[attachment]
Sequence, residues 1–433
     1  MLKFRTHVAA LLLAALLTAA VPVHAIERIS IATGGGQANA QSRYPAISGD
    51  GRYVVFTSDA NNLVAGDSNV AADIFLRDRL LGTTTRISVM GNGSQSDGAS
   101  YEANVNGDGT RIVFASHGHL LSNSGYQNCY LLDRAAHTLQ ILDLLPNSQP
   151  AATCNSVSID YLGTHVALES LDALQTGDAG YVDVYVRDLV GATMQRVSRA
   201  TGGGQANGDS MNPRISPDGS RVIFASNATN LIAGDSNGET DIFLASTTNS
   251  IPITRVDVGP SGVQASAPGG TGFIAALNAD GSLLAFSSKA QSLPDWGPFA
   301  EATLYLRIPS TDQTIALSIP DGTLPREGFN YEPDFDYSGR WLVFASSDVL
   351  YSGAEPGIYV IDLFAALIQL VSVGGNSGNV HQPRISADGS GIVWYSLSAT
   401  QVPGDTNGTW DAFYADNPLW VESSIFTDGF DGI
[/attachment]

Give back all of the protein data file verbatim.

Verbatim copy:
Sequence, residues 1–433
     1  MLKFRTHVAA LLLAALLTAA VPVHAIERIS IATGGGQANA QSRYPAISGD
    51  GRYVVFTSDA NNLVAGDSNV AADIFLRDRL LGTTTRISVM GNGSQSDGAS
   101  YEANVNGDGT RIVFASHGHL LSNSGYQNCY LLDRAAHTLQ ILDLLPNSQP
   151  AATCNSVSID YLGTHVALES LDALQTGDAG YVDVYVRDLV GATMQRVSRA
   201  TGGGQANGDS MNPRISPDGS RVIFASNATN LIAGDSNGET DIFLASTTNS
   251  IPITRVDVGP SGVQASAPGG TGFIAALNAD GSLLAFSSKA QSLPDWGPFA
   301  EATLYLRIPS TDQTIALSIP DGTLPREGFN YEPDFDYSGR WLVFASSDVL
   351  YSGAEPGIYV IDLFAALIQL VSVGGNSGNV HQPRISADGS GIVWYSLSAT
   401  QVPGDTNGTW DAFYADNPLW VESSIFTDGF DGI